Toni explains weaving that thinking into Hawke’s Bay’s own arts and culture planning is essential, but challenging from the outset.
“It does need a regional approach. Napier chose to do nothing, but artists work across boundaries. Even if this is a Hastings District implementation plan, then for artists it’s a region-wide implementation plan.”
Tania Wright is a Napier councillor and long-time champion of the Bay’s arts sector; she was the first coordinator of arts trust Creative Napier, now Creative Arts Napier. Her opinion is the arts community itself is doing a great job and doesn’t need ‘strategic thinking’ from local government.
“It was felt that we didn’t need a regional strategy we just needed to understand what was happening in our community and fill in any gaps,” she explains. “I prefer this grass roots approach as I find that overarching strategies while well-meaning often fail to deliver anything meaningful.”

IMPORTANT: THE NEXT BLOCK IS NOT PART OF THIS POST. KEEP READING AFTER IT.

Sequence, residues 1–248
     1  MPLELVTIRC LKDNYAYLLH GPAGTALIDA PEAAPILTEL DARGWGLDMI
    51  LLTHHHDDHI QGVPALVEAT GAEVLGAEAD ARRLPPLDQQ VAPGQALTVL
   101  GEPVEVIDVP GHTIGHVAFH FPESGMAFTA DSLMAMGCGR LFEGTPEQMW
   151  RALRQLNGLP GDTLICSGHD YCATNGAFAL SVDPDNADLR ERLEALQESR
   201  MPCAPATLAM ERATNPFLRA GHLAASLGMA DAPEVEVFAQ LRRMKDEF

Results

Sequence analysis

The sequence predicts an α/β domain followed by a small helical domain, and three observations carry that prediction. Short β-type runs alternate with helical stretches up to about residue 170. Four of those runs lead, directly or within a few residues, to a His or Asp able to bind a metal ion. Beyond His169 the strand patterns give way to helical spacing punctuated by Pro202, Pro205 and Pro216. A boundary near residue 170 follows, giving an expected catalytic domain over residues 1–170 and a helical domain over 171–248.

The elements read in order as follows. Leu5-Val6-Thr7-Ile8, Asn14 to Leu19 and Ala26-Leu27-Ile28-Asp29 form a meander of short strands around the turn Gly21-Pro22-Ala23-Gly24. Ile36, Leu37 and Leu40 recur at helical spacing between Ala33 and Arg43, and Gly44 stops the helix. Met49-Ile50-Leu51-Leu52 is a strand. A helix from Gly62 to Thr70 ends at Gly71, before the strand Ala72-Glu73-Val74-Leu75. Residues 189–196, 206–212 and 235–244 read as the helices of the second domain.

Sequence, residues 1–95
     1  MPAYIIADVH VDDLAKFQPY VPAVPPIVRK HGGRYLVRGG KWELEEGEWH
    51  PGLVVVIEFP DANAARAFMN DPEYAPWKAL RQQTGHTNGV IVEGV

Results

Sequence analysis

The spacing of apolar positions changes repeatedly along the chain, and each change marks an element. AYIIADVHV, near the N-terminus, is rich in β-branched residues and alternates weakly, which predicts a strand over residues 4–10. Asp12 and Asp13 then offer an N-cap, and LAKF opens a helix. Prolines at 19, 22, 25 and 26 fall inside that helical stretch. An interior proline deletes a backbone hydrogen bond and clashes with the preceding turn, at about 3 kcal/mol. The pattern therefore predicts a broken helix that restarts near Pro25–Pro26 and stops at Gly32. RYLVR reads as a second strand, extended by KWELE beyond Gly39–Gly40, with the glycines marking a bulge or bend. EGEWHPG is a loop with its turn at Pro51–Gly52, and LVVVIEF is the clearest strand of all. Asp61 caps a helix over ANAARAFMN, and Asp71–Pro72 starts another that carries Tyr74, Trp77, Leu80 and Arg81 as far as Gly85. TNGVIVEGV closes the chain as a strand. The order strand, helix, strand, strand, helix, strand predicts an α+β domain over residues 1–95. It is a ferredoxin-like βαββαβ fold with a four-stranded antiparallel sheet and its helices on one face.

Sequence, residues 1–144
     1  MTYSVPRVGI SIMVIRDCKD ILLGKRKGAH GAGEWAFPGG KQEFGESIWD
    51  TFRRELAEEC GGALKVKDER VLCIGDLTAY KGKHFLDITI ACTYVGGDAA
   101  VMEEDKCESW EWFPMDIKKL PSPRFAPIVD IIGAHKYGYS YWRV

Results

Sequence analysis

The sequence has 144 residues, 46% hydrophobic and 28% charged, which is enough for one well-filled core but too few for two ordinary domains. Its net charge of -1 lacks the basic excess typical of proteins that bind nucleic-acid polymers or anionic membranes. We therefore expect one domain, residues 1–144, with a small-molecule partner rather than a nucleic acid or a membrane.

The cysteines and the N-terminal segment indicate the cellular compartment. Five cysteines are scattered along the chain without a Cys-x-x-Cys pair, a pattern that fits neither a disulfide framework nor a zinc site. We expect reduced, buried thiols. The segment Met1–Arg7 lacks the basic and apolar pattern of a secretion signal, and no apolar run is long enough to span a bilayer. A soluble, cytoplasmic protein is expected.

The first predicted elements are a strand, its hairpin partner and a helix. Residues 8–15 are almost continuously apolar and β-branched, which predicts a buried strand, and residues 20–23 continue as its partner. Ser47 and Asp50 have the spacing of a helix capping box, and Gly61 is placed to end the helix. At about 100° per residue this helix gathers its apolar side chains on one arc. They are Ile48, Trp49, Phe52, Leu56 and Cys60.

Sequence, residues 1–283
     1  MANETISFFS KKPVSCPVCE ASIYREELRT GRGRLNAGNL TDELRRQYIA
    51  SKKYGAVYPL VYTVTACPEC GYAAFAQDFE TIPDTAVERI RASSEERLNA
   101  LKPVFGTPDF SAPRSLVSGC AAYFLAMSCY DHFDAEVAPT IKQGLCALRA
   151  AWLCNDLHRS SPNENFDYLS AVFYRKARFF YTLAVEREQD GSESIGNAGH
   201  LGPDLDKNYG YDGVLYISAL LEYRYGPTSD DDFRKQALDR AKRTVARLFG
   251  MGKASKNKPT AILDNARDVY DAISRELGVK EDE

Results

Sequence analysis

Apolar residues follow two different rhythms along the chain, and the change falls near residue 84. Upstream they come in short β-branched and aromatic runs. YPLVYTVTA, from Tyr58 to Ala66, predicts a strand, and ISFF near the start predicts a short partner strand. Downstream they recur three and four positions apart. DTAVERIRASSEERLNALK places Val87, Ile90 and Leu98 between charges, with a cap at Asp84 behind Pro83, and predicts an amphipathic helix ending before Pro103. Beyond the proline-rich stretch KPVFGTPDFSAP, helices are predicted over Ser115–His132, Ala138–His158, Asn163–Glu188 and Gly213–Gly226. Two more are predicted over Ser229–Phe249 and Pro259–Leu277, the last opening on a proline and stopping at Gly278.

Napier City Council though is beginning tentative steps towards taking a more active approach to arts contribution by replacing their “existing arts policy” with a strategy and implementation plan of their own. Antoinette Campbell, director community services, explains their current approach and it appears it’s focused on built environment, potentially with a skew towards Napier’s position as a tourism destination.
Streetscapes are dotted with public art, much of it in collaboration with private and community funding groups. New council works have a requirement to include an arts element.
“Our arts policy requires council to consider the incorporation of art in all its significant developments during the design and planning stage to avoid considering an artwork as an add-on at the end of the development and with little budget left over,” explains Antoinette.
Where Toni and the Toi Tu initiative are focused on linkages between sectors as diverse as health, housing and business, and into the arts community, Antoinette envisages future builds and reworking of urban space will continue to include conversations about art and culture. Aesthetics may be the first objective, but wellbeing needs are also being met.